06 May 2022
Toddlers making a mess, sibling rivalry, and constant requests for snacks are all to be expected when raising young tamariki, but it's how you respond that makes all the difference.
Māmā of three Elizabeth Emere Harte (Ngāpuhi, Ngāti Porou) is on a mission to reclaim traditional, Māori parenting practices by inspiring whānau to reflect on their own parenting ways. She is the founder of Tūpuna Parenting(external link), a movement that advocates for raising our pēpi and tamariki in a gentle, loving and respectful way, just like tūpuna Māori.
Our tūpuna believed that babies were born tapu, and they were born with mana - through their whakapapa, from their tūpuna.Elizabeth Emere Harte
Take a deep breath and talk it through with them
Elizabeth knows all too well the challenges that come with being a parent, but using tūpuna parenting ways with her own pēpi and tamariki has helped her navigate stressful situations.
Her daughter was just two months old when her three-year-old son broke open a bean bag while in another room.
"When I went to check on him there were polystyrene balls all over the floor. He was having fun, lying on his puku and pretending to swim through them. I'd just finished putting bub down for a nap, and I'd hardly had any sleep."
Feeling frustrated, Elizabeth took a deep breath and used tūpuna parenting to guide her through her next steps.
Tūpuna parenting is about acknowledging their tapu and their mana, respecting them, and accepting that they will make mistakes and break rules – that’s what they do!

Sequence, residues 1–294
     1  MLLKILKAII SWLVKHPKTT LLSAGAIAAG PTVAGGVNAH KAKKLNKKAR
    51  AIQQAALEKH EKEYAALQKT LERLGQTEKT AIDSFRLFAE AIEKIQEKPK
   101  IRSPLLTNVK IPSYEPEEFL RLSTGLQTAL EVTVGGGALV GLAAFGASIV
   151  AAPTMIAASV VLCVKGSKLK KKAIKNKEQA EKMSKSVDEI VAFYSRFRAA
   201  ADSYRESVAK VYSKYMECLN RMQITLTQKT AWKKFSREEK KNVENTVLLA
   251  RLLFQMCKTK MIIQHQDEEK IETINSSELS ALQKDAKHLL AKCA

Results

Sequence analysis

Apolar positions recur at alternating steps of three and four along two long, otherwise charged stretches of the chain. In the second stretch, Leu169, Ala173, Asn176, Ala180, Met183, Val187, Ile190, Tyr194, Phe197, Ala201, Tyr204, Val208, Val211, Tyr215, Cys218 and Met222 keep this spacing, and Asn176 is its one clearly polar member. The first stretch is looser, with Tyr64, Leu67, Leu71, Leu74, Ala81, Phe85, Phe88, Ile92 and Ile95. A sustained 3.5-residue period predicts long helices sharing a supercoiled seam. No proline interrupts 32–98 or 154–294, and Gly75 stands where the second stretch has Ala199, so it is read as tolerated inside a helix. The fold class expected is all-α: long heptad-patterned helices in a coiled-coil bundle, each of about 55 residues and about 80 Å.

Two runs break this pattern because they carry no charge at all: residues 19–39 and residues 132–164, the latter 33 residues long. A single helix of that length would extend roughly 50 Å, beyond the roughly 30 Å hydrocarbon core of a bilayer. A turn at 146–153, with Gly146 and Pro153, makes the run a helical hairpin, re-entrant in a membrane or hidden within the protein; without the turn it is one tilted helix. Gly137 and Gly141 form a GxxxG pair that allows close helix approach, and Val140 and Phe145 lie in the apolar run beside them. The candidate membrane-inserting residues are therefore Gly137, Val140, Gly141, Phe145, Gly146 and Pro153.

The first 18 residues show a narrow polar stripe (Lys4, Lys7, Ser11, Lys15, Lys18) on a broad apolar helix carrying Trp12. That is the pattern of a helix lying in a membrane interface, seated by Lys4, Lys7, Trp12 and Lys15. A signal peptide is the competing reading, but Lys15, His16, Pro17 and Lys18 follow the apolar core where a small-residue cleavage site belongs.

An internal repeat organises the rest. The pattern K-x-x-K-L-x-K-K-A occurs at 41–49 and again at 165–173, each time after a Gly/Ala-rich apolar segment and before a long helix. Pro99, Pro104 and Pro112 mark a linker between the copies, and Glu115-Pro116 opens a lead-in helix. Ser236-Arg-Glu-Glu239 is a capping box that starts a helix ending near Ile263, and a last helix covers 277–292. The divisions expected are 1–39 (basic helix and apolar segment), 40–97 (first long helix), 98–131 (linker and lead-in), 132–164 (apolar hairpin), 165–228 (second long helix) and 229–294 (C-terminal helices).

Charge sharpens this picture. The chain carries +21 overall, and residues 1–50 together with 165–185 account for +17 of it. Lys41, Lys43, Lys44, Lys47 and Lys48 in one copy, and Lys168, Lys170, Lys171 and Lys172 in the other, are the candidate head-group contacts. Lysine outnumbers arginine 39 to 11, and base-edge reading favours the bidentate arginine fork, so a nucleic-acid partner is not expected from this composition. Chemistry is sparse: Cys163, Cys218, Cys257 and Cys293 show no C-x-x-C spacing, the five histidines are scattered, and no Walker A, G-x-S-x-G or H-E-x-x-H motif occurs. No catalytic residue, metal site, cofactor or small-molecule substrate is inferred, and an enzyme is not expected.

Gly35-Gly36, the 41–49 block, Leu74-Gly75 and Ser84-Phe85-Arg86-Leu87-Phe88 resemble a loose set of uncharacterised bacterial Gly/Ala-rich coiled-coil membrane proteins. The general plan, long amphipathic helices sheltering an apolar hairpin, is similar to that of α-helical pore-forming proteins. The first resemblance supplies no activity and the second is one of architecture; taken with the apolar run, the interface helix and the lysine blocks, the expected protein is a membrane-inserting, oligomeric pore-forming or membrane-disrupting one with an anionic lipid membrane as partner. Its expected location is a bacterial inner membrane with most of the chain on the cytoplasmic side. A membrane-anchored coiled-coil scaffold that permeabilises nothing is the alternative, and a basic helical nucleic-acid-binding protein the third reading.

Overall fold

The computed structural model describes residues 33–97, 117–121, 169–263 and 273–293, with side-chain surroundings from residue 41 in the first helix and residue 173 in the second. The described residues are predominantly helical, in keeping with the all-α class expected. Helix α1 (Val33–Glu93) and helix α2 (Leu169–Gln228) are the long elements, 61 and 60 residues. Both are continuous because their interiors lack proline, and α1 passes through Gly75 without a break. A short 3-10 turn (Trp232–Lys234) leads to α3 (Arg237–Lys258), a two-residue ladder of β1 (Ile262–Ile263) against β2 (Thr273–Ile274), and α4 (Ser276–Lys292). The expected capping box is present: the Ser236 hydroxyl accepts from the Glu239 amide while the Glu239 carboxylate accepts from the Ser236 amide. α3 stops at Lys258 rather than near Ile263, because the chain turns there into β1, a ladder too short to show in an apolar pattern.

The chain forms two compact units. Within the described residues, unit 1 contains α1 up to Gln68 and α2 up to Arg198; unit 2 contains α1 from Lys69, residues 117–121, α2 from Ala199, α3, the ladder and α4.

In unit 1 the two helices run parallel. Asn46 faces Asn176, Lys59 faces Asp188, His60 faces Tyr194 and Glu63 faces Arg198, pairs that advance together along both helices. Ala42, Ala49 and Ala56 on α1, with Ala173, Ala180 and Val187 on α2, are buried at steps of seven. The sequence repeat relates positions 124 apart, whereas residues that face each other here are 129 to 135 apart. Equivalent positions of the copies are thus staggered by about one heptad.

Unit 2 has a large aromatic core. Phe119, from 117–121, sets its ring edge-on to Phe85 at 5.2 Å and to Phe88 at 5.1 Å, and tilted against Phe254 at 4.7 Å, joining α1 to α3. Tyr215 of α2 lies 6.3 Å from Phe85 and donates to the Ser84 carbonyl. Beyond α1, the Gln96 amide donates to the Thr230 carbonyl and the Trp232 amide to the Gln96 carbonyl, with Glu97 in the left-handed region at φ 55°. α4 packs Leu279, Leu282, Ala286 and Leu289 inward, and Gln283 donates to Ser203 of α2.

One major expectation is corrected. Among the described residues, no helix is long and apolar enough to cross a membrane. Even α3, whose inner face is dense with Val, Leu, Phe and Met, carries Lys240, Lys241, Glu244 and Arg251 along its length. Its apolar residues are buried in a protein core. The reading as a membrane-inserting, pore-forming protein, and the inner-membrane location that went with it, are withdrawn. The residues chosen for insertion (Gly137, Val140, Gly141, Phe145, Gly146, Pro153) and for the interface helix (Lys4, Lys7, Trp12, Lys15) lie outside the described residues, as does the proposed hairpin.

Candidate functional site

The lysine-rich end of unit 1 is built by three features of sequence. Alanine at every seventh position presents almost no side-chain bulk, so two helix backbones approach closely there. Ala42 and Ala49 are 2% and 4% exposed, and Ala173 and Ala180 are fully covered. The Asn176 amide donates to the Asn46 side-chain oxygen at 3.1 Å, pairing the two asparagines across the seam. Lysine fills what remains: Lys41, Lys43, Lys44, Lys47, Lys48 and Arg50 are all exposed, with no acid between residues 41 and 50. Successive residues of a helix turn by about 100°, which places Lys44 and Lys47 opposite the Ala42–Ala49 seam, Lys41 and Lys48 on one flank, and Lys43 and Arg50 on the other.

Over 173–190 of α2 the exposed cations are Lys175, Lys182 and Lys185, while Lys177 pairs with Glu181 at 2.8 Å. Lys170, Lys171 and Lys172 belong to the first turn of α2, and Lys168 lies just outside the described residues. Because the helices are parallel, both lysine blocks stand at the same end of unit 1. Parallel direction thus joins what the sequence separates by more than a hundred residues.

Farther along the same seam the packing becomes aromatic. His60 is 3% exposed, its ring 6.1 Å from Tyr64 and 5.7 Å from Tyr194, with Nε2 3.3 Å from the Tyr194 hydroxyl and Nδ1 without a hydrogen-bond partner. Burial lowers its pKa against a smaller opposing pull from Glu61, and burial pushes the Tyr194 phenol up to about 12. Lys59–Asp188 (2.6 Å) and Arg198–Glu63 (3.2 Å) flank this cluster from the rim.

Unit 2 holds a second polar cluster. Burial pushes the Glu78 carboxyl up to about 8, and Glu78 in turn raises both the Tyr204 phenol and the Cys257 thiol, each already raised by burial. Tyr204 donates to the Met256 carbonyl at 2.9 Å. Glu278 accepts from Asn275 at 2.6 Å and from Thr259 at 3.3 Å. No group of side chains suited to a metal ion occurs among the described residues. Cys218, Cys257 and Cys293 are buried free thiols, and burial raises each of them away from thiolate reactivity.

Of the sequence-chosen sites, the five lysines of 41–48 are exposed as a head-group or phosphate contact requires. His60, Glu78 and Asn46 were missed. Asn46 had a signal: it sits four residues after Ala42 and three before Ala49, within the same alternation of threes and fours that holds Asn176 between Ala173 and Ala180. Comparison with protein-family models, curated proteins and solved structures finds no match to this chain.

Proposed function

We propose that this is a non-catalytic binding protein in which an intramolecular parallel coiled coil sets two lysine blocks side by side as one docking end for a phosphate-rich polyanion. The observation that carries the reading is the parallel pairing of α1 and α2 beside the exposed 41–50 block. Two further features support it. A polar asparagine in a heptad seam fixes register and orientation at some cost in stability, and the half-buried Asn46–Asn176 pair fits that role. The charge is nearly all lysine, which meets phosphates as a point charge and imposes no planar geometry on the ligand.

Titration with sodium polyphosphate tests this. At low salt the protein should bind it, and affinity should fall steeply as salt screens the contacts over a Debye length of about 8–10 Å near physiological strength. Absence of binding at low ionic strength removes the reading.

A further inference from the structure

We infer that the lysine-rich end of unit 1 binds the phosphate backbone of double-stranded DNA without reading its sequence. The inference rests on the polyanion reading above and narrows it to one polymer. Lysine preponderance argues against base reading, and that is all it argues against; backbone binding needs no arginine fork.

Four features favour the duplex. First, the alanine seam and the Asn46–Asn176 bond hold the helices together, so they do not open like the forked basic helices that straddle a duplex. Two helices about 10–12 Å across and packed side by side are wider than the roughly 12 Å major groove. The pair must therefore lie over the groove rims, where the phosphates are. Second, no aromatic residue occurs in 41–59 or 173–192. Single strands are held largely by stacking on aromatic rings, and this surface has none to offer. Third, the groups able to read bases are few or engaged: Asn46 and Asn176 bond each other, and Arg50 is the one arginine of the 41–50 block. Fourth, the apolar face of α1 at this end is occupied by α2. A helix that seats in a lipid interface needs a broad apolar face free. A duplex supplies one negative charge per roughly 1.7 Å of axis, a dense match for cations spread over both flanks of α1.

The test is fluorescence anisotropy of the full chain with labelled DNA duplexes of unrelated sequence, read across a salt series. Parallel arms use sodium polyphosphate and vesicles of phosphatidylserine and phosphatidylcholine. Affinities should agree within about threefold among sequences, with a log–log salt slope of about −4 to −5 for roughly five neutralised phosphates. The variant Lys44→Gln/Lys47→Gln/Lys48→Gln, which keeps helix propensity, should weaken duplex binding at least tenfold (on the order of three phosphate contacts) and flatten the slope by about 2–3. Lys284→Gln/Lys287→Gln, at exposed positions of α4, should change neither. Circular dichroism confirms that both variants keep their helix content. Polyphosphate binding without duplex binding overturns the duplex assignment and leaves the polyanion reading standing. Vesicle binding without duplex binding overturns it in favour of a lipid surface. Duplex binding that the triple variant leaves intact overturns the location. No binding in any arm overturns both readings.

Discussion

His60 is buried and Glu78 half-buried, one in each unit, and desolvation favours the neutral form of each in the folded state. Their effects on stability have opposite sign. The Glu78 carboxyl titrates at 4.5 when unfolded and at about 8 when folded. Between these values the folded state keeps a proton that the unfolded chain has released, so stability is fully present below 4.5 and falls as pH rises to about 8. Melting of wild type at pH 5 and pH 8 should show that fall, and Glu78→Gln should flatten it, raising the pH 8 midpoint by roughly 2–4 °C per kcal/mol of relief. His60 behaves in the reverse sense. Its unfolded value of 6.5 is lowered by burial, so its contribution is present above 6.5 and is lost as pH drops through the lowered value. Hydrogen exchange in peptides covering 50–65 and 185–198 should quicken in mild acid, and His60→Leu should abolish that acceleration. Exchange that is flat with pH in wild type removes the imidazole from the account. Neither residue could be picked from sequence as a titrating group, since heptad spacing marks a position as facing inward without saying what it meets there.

There’s a whakataukī that says "Tā te tamariki tāna nei mahi wāwāhi tahā – It is the job of the children to smash the calabash,” and what it means is that tamariki will make mistakes, break rules and be ‘naughty’ – that’s their job as kids! Our tūpuna understood that about them, so didn’t get angry at them for any of it."
“So with the bean bag, I just talked it through with him – and it was just talking – I didn't yell at him."
"I said 'I can see you're having a great time but we're going to have to clean up these beans and you're going to help me, you're not allowed to go outside and ride your bike with your sister until you do'."
Elizabeth says it took a lot of patience, but it's a good example of taking a stressful situation and turning it into a teaching opportunity.
"It took a while, but we did it. We picked up every last single bean."
Since parking her career as a product manager in 2018, Elizabeth has worked tirelessly to grow the movement. Last year, Tūpuna Parenting partnered with Whānau Āwhina Plunket to ground 10 kaiāwhina in te ao Māori parenting kaupapa. For six months, they attended Tūpuna Parenting wānanga via Zoom, and graduated at the end of 2021.
"They really connected with the kaupapa. Half the journey for them was in relating these stories from our tūpuna to their own upbringing or parenting," says Elizabeth.
It was so successful that Whānau Āwhina Plunket have committed to all their kaiāwhina in this kaupapa, starting with a further 16 who started the next iteration of the course in February. Once graduated, they'll be able to pass the mātauranga onto the whānau they support.
"By the end of the six months, you are a leader in this kaupapa and you will be able to have confident conversations with whānau about tūpuna parenting," says Elizabeth.
"It's just the start of many big conversations to come."